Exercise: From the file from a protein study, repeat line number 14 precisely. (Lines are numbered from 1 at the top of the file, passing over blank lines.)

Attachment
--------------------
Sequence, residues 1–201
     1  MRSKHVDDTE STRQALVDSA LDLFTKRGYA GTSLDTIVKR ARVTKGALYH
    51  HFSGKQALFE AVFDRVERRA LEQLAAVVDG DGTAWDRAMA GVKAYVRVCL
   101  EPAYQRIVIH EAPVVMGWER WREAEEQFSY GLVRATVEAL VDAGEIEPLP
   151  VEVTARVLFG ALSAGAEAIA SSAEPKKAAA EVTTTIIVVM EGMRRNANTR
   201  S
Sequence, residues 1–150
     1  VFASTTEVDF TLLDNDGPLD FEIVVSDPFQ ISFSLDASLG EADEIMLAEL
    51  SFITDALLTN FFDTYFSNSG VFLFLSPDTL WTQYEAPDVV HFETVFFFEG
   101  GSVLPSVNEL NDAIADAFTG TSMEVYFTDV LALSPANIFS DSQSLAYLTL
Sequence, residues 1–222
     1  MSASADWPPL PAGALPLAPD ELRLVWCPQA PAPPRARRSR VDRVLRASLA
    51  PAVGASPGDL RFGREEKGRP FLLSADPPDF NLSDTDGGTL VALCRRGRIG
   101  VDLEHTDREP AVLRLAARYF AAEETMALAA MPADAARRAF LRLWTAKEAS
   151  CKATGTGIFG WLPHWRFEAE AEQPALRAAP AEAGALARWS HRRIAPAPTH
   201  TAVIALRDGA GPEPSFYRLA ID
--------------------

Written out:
   101  VDLEHTDREP AVLRLAARYF AAEETMALAA MPADAARRAF LRLWTAKEAS